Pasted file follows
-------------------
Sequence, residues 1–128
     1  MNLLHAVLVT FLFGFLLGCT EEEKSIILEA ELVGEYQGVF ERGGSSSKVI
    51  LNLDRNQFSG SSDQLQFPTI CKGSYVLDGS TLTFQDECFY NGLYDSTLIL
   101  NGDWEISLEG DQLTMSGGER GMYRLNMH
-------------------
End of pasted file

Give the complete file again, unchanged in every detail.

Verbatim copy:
Sequence, residues 1–128
     1  MNLLHAVLVT FLFGFLLGCT EEEKSIILEA ELVGEYQGVF ERGGSSSKVI
    51  LNLDRNQFSG SSDQLQFPTI CKGSYVLDGS TLTFQDECFY NGLYDSTLIL
   101  NGDWEISLEG DQLTMSGGER GMYRLNMH